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Berg, Ina
Alternative names
Publications (6 of 6) Show all publications
Ceasar (Berg), I., Jonsson, M., Nilsson, P., Thor, S. & Hammarström, P. (2012). Curcumin Promotes A-beta Fibrillation and Reduces Neurotoxicity in Transgenic Drosophila. PLoS ONE, 7(2)
Open this publication in new window or tab >>Curcumin Promotes A-beta Fibrillation and Reduces Neurotoxicity in Transgenic Drosophila
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2012 (English)In: PLoS ONE, ISSN 1932-6203, E-ISSN 1932-6203, Vol. 7, no 2Article in journal (Refereed) Published
Abstract [en]

The pathology of Alzheimers disease (AD) is characterized by the presence of extracellular deposits of misfolded and aggregated amyloid-beta (A beta) peptide and intraneuronal accumulation of tangles comprised of hyperphosphorylated Tau protein. For several years, the natural compound curcumin has been proposed to be a candidate for enhanced clearance of toxic A beta amyloid. In this study we have studied the potency of feeding curcumin as a drug candidate to alleviate A beta toxicity in transgenic Drosophila. The longevity as well as the locomotor activity of five different AD model genotypes, measured relative to a control line, showed up to 75% improved lifespan and activity for curcumin fed flies. In contrast to the majority of studies of curcumin effects on amyloid we did not observe any decrease in the amount of A beta deposition following curcumin treatment. Conformation-dependent spectra from p-FTAA, a luminescent conjugated oligothiophene bound to A beta deposits in different Drosophila genotypes over time, indicated accelerated pre-fibrillar to fibril conversion of A beta(1-42) in curcumin treated flies. This finding was supported by in vitro fibrillation assays of recombinant A beta(1-42). Our study shows that curcumin promotes amyloid fibril conversion by reducing the pre-fibrillar/oligomeric species of A beta, resulting in a reduced neurotoxicity in Drosophila.

Place, publisher, year, edition, pages
Public Library of Science, 2012
National Category
Cell and Molecular Biology
urn:nbn:se:liu:diva-73502 (URN)10.1371/journal.pone.0031424 (DOI)000302733900047 ()
funding agencies|Knut and Alice Wallenberg foundation||Swedish Foundation for Strategic Research||Hjarnfonden||Swedish Research Council||Gustaf V. foundation||European Union||Available from: 2012-01-05 Created: 2012-01-05 Last updated: 2018-04-25
Berg, I., Nilsson, P., Thor, S. & Hammarström, P. (2010). Efficient imaging of amyloid deposits in Drosophila models of human amyloidoses. Nature Protocols, 5(5), 935-944
Open this publication in new window or tab >>Efficient imaging of amyloid deposits in Drosophila models of human amyloidoses
2010 (English)In: Nature Protocols, ISSN 1754-2189, E-ISSN 1750-2799, Vol. 5, no 5, p. 935-944Article in journal (Refereed) Published
Abstract [en]

Drosophila melanogaster is emerging as an important model system for neurodegenerative disease research. In this protocol, we describe an efficient method for imaging amyloid deposits in the Drosophila brain, by the use of a luminescent-conjugated oligothiophene (lco), p-Ftaa polymer probe. We also demonstrate the feasibility of co-staining with antibodies and compare the lco staining with standard amyloid-specific probes. the lco protocol enables high-resolution imaging of several different protein aggregates, such as aβ1-42, aβ1-42e22G, transthyretin V30M and human tau, in the Drosophila brain. aβ and tau aggregates could also be distinguished from each other because of distinct lco emission spectra. Furthermore, this protocol enables threedimensional brain mapping of amyloid distribution in whole-mount Drosophila brains. the use of p-Ftaa combined with other probes, antibodies and/or dyes will aid the rapid characterization of various amyloid deposits in the rapidly growing number of Drosophila models of neurodegenerative diseases.

Place, publisher, year, edition, pages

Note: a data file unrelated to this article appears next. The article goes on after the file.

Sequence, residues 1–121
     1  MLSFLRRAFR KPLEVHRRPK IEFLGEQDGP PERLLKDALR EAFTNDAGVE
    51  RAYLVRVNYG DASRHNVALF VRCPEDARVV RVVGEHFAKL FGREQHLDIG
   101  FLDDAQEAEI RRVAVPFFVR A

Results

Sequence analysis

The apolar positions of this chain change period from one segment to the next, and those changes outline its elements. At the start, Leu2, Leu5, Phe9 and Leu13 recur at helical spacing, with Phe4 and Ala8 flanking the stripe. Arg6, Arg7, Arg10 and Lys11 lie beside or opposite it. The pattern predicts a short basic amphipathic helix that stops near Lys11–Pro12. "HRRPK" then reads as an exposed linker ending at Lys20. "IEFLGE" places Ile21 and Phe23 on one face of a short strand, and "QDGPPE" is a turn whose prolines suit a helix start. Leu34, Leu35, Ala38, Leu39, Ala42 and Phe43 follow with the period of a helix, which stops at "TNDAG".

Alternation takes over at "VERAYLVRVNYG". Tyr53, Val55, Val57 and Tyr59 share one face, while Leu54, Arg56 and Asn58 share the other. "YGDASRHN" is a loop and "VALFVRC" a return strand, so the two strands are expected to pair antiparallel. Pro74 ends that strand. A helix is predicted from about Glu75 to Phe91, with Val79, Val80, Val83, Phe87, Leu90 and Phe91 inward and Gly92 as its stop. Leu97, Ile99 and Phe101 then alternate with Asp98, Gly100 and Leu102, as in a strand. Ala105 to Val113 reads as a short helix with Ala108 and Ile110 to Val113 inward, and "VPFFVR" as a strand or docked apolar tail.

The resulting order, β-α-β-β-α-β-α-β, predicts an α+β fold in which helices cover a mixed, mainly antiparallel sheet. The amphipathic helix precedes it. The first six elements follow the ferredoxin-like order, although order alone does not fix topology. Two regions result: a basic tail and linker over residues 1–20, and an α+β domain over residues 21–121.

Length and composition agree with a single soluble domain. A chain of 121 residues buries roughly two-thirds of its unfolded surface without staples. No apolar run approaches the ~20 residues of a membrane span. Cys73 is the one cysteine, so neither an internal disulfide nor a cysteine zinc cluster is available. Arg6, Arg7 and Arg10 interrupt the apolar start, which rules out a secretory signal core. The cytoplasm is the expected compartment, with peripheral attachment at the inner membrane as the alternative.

Macmillan Publishers Ltd., 2010
National Category
Natural Sciences
urn:nbn:se:liu:diva-55024 (URN)10.1038/nprot.2010.41 (DOI)000277174100012 ()
Available from: 2010-04-27 Created: 2010-04-27 Last updated: 2018-04-25Bibliographically approved
Berg, I. (2010). Modeling Amyloid Disease in Drosophila melanogaster. (Doctoral dissertation). Linköping: Linköping University Electronic Press
Open this publication in new window or tab >>Modeling Amyloid Disease in Drosophila melanogaster
2010 (English)Doctoral thesis, comprehensive summary (Other academic)
Abstract [en]

Amyloid diseases are caused by protein misfolding and aggregation. To date there are 27 known proteins causing amyloid disorders involving brain and peripheral protein deposition. The proteins involved in this mechanism do not share sequence homology, but the amyloid fibrils share biophysical properties and possibly a common pathogenic mechanism. Amyloid deposits are known to be involved in a broad range of neurodegenerative diseases, such as Alzheimer’s disease and Creutzfeldt-Jakob disease, as well as in non-neuropathic diseases, such as senile systemic amyloidosis and type II diabetes.

During the last decade the fruit fly, Drosophila melanogaster (Drosophila), have increasingly been used as a model for neurodegenerative disease, such as Alzheimer’s disease, Huntington’s disease, amyotrophic lateral sclerosis, and familial amyloidotic polyneuropathy. The advantages of using the Drosophila model are the well-defined genetic characteristics, the quantity, short life span, simplicity in genetic manipulation and the powerful binary UAS-Gal4 transgenic system. The UAS-Gal4 system allows for rapid generation of individual strains in which expression of a specific gene of interest can be directed to different tissues or cell types. The system allows the target gene to be activated in different cell- and tissue-types by altering the activator-expressing lines.

This thesis has been focused on modeling amyloid diseases in Drosophila. This has been performed by:

  • Creating new model systems of senile systemic amyloidosis and familial amyloidotic polyneuropathy in Drosophila
  • Developing a new staining protocol for detection of amyloid in Drosophila
  • Initiate a compound screen of Alzheimer’s disease modeled in Drosophila
Place, publisher, year, edition, pages
Linköping: Linköping University Electronic Press, 2010. p. 88
Linköping Studies in Science and Technology. Dissertations, ISSN 0345-7524 ; 1320
National Category
Natural Sciences
urn:nbn:se:liu:diva-55025 (URN)978-91-7393-379-7 (ISBN)
Public defence
2010-05-21, Planck, Fysikhuset, Campus Valla, Linköpings universitet, Linköping, 09:15 (English)
Available from: 2010-04-27 Created: 2010-04-27 Last updated: 2020-02-19Bibliographically approved